Tuesday, November 22, 2005

Wild places

I haven't blogged much lately - I'm sorry about that. Life's just been a bit full. I've done a few entries on the photoblog, though, so whenever it's quiet here there may be something happening there.

I had a stomach bug today so didn't go into work - and with thunderstorms and rain off and on all day, it's been a good afternoon to curl up with a book. The book I chose today was a cloth-bound blank notebook I've had for about 17 or 18 years, in which I write interesting quotes and things that I come across. While I read the quotes I've written into the book often enough, tucked into the front are numerous pieces of folded paper in which there are longer poems or extracts, and I don't reread those so often.

So, it was nice today to touch base again with some extracts from TH (Harri) Jones' poetry, a Welsh poet who lived a few years in Australia before his untimely death, aged 44, in 1965. I came across a book of Jones' poetry in my first year or so at university - and loved it. Unfortunately, I only copied out a few lines here and there - and I think I've lost one of the pages over the years.

Jones writes often of his self-exile from Wales, and I think that what resonates with me in his poetry is the sense of place and connection to it, even over the distance of time. For me, sense of place is also important, and my memories are often tied up in where as much as who or when. Also, I visited Wales in 1983 and loved it, feeling an immediate sense of home, of belonging, although its differences from Australia are legion. But, like Australia, Wales is not a place one can ignore; the landscape, the history, the very air itself seem to hold an ancient wildness, and I can relate to Jones' yearning for the places of his childhood:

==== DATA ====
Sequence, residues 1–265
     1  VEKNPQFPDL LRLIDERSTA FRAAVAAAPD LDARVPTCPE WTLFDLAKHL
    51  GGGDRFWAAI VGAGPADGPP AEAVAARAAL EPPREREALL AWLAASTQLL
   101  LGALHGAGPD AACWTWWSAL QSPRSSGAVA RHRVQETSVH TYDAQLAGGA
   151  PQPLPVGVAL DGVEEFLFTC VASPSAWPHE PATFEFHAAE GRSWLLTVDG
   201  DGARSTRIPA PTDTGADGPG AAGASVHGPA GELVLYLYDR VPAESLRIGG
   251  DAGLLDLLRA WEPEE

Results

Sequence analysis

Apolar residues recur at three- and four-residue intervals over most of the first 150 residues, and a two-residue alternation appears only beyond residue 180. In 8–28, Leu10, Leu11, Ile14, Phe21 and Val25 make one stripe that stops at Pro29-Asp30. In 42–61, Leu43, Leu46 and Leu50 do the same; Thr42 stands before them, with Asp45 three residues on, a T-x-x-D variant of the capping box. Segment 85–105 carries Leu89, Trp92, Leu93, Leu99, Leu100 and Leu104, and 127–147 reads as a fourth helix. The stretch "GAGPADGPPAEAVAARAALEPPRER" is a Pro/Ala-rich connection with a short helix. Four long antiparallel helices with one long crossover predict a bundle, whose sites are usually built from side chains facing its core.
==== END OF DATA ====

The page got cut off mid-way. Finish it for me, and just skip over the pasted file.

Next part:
Homesick for clouded hills that never lose
The loom and shape they had when I,
My head in other clouds, trod their old paths
Too proud then to know that I too would die.
And, from another poem, in which he writes of his daughter visiting Ayer's Rock (Uluru):
Would the vision of that monolith
Stay in her mind and dominate her dreams
As in my mind and dreams these thirty years
There stays the small hill, Altlyclych,
The hill of bells, bedraggled with wet fern
And stained with sheep, and holding like a threat
The wild religion and the ancient tongue,
All the defeated centuries of Wales?

Tomorrow I'm going to the library at work, to borrow his books again, and to renew the friendship.


Merry said...

I came to give your stat-counter something to do...and read up on what you are doing, too! Been offline while dealing with family crises, so catching up...


Merry said...

I came to give your stat-counter something to do and to look at pretty pictures. And read some of your blog.

I've been offline dealing with family crises, so playing catchup here.


Lyn Cash said...

Just browsing and thought I'd say hello. Enjoyed the poetry.